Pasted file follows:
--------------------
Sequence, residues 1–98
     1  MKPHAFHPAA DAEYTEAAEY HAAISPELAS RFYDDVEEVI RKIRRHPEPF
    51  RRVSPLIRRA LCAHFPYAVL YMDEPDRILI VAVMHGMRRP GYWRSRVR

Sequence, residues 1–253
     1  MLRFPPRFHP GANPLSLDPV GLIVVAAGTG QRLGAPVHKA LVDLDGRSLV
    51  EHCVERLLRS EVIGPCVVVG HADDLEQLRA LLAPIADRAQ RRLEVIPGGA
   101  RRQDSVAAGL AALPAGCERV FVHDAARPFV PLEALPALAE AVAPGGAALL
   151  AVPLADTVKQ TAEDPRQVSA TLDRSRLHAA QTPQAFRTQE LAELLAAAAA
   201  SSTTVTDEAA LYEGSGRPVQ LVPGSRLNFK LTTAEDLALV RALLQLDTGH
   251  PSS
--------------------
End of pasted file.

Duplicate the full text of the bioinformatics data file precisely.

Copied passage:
Sequence, residues 1–98
     1  MKPHAFHPAA DAEYTEAAEY HAAISPELAS RFYDDVEEVI RKIRRHPEPF
    51  RRVSPLIRRA LCAHFPYAVL YMDEPDRILI VAVMHGMRRP GYWRSRVR

Sequence, residues 1–253
     1  MLRFPPRFHP GANPLSLDPV GLIVVAAGTG QRLGAPVHKA LVDLDGRSLV
    51  EHCVERLLRS EVIGPCVVVG HADDLEQLRA LLAPIADRAQ RRLEVIPGGA
   101  RRQDSVAAGL AALPAGCERV FVHDAARPFV PLEALPALAE AVAPGGAALL
   151  AVPLADTVKQ TAEDPRQVSA TLDRSRLHAA QTPQAFRTQE LAELLAAAAA
   201  SSTTVTDEAA LYEGSGRPVQ LVPGSRLNFK LTTAEDLALV RALLQLDTGH
   251  PSS